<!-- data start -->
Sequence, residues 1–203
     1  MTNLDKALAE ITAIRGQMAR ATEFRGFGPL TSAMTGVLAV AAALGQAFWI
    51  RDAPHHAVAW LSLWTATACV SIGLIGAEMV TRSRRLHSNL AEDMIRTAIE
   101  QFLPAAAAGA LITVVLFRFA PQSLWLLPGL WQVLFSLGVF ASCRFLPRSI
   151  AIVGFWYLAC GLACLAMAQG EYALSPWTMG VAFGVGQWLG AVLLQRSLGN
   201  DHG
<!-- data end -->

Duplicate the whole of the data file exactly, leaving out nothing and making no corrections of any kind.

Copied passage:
Sequence, residues 1–203
     1  MTNLDKALAE ITAIRGQMAR ATEFRGFGPL TSAMTGVLAV AAALGQAFWI
    51  RDAPHHAVAW LSLWTATACV SIGLIGAEMV TRSRRLHSNL AEDMIRTAIE
   101  QFLPAAAAGA LITVVLFRFA PQSLWLLPGL WQVLFSLGVF ASCRFLPRSI
   151  AIVGFWYLAC GLACLAMAQG EYALSPWTMG VAFGVGQWLG AVLLQRSLGN
   201  DHG